And outside? What is to be done about Trafalgar-square? Well, the main point on which to insist is that nothing shall be done in a hurry. Within the last two weeks the policy of Parliamentary pressure has won two startling and significant victories. The Star programme has been acknowledged and partly incorporated by the Liberal party; and the people have struck down military government in London. Do not let us lose the moral of these events. Sir CHARLES WARREN called us a mob. The answer to that must be that we are not a mob, but an army marching on to assured and speedy victory. Our policy is to watch with lynx-like vigilance the next step taken by her MAJESTY'S Government, jealously to canvass the new appointment, and then to ask the new official whether he will make terms for a responsible and properly-organised meeting to be held in the Square. In other words, the policy of "rushes" has not succeeded; the policy of Parliamentary attack has and will. The first was magnificent, but it was war at long odds; the second is hum-drum, but it is the winning game. We can play it now with the assurance that no power on earth can stand against the united voice of an emancipated people, speaking through its chosen representatives.
WE are sorry to see a small section of London democrats mixing themselves up with the cause of Anarchism. We have only to point the moral of our leader with an emphatic condemnation of such a gratuitous piece of folly, and what is worse, such rank treason to the popular cause. Anarchism is tyranny's best friend. It is the negation of progress; the destruction of rational society; the last miserable resort of intellectual and moral pessimism. Away with it! We will have no part or lot in it; and the sooner our friends the Socialists understand that, the better. Let them look to the lesson of Birmingham and the lesson of Trafalgar-square, as against the lesson of Chicago. There is the true moral of the situation in London to-day.
SIR CHARLES WARREN may now be reconciled to his bloodhounds. These animals, it will be remembered, mysteriously disappeared, and there is no doubt that, finding they could not get on with the Chief commissioner, they resigned.
The inquest on Mary Janet Kelly has closed, like its predecessors, without throwing any useful light on the crime. Light of a certain sort there is, but it is so confused and shifting as to be almost worse than useless. We have at least three descriptions of an individual who may be the man wanted. There is Mrs. Cox's account of a man who went with the deceased into her room about midnight on Thursday - "a short stout man, shabbily dressed," with "a blotchy face and a full carrotty moustache." There is Sarah Lewis's description of the man who accosted her on Wednesday in Bethnal-green-road, which varies slightly from the preceding, but might fit the same man. Finally, we have the statement by an anonymous witness which has found its way into the morning papers, and which makes the suspected individual an elegantly-dressed gentleman about 5ft. 6in. in height, "with a dark complexion, and a dark moustache curled up at the ends." Why this statement has been made public at this particular juncture is one of those mysteries in the police management of the case which no one out of Scotland-yard can understand.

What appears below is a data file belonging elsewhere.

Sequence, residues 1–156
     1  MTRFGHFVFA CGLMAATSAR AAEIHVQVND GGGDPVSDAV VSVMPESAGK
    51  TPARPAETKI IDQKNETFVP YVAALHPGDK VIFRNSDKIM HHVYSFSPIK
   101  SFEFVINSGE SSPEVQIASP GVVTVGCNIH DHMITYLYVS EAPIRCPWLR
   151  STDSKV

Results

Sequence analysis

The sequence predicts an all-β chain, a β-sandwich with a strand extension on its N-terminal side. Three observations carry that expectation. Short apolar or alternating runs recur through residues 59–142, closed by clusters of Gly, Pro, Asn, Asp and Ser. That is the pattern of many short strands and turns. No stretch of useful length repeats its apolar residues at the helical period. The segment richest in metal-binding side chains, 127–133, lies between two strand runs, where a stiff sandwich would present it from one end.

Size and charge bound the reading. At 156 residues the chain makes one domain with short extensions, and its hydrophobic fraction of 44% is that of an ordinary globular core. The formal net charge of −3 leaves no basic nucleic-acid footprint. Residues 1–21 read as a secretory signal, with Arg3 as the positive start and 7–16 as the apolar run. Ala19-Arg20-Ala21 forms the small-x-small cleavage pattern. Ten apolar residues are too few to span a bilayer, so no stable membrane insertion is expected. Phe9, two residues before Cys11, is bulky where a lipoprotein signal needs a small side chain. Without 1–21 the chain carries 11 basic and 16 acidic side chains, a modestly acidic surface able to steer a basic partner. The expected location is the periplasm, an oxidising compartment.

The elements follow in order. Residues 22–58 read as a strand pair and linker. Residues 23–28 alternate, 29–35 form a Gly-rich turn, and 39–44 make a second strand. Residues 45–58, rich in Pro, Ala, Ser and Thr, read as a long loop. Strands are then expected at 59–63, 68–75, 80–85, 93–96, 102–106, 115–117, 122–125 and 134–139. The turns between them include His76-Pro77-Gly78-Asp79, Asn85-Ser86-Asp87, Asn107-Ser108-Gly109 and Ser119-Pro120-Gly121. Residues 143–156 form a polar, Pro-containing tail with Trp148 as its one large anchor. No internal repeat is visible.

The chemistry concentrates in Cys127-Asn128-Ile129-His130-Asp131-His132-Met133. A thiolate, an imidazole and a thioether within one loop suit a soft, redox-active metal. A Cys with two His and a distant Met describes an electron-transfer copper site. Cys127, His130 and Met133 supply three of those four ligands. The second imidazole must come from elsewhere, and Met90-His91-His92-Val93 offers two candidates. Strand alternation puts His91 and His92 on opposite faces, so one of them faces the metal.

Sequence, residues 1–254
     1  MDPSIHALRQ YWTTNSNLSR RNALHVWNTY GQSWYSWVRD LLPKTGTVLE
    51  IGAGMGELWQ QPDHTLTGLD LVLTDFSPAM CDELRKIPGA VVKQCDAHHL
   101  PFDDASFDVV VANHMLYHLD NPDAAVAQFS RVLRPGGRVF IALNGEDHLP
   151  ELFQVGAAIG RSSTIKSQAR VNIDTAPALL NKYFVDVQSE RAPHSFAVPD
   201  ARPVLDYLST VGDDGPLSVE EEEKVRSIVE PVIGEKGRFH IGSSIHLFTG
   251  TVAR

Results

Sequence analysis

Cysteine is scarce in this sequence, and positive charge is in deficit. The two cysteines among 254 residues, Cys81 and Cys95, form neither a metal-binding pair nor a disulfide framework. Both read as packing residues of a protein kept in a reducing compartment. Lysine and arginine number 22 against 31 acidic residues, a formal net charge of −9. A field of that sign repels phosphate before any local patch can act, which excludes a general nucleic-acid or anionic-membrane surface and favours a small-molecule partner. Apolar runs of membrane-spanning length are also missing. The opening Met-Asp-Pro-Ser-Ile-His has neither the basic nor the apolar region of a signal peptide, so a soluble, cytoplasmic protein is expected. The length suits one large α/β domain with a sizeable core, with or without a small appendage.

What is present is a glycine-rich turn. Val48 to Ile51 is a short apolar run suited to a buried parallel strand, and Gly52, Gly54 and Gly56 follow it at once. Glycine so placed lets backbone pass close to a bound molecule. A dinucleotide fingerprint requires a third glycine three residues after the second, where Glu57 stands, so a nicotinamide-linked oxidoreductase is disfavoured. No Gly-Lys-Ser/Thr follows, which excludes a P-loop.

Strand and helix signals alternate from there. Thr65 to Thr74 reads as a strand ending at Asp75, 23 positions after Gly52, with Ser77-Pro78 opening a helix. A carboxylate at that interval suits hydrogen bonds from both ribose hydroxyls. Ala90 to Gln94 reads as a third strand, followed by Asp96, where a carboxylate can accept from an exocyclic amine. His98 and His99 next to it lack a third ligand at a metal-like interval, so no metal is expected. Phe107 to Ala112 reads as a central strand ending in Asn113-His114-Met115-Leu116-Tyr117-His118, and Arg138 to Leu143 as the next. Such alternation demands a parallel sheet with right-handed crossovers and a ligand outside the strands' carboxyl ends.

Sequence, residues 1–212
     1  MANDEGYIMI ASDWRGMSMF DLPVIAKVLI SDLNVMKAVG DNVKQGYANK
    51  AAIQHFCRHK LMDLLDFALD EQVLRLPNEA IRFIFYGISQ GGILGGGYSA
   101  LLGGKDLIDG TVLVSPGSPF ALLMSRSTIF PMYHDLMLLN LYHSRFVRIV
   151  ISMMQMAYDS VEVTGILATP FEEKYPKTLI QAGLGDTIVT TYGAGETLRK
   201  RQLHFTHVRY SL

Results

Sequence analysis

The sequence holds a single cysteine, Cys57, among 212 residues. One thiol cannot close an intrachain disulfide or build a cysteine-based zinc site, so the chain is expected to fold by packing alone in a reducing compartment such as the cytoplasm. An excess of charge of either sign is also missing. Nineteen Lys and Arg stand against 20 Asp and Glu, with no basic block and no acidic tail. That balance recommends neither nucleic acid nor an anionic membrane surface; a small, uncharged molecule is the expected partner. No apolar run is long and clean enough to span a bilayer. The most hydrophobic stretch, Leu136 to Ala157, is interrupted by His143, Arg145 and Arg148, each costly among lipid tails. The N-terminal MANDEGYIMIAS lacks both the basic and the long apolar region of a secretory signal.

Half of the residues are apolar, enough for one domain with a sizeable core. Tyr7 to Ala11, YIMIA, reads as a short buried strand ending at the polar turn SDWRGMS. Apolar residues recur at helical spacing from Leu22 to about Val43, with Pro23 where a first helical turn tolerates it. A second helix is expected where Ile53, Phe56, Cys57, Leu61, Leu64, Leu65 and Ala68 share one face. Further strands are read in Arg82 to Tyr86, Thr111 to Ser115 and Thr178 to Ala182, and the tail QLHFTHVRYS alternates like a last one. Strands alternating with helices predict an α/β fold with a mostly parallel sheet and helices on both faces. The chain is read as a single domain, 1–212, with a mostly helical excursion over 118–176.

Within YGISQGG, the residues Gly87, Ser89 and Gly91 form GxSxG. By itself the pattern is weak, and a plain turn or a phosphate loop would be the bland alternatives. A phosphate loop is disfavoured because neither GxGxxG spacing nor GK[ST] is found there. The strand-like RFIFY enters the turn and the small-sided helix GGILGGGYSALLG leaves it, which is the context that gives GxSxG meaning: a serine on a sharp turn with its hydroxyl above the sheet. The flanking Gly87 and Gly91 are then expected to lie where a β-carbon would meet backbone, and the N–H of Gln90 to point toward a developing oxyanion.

Charles Malcolm Wood, who formerly used to be in the Indian Police, is pointed to as Sir Charles Warren's successor. He is the Chief Constable of Manchester, and has distinguished his rule by great success in the detection of dynamitards. His right-hand man is M. Caminada, who presides over the decidedly humane but business-like French system of the C.I.D.
At the Birmingham banquet, which is shortly to be given to Mr. Henry Irving, it is expected that Mr. Joseph Chamberlain will preside.
On Friday last reached the Enormous
This number exceeds the total ever
circulated in one day by this Journal
or by any other evening paper.
He Has a Good Meal and Shows Little Emotion.
This morning the old man Levi Richard Bartlett, 66 years of age, who was convicted at the Old Bailey Sessions by Justice Cave, of the murder of his wife, was hung at Newgate Prison in the presence of Mr. Under-Sheriff Metcalfe, the governor and medical officer of the gaol, and other officials. Berry was the executioner. Bartlett was a stevedore at the docks in the East-end. He lived with his wife, who kept a small general shop in Poplar. She was an industrious woman, and her husband had long been given to drink. On 18 Aug., while the wife was engaged with her customers in the shop her husband, after a long drinking bout, demanded money to get more drink. She refused. He seriously assaulted her, and in the presence of others declared his intention "to do for her that night." This was not an unusual occurrence, and his conduct was generally so eccentric that he was known as "Mad Dick." He went out and returned at a late hour, his wife and he going to bed without further wrangling. In the middle of the night he got a heavy hammer out of the cellar, and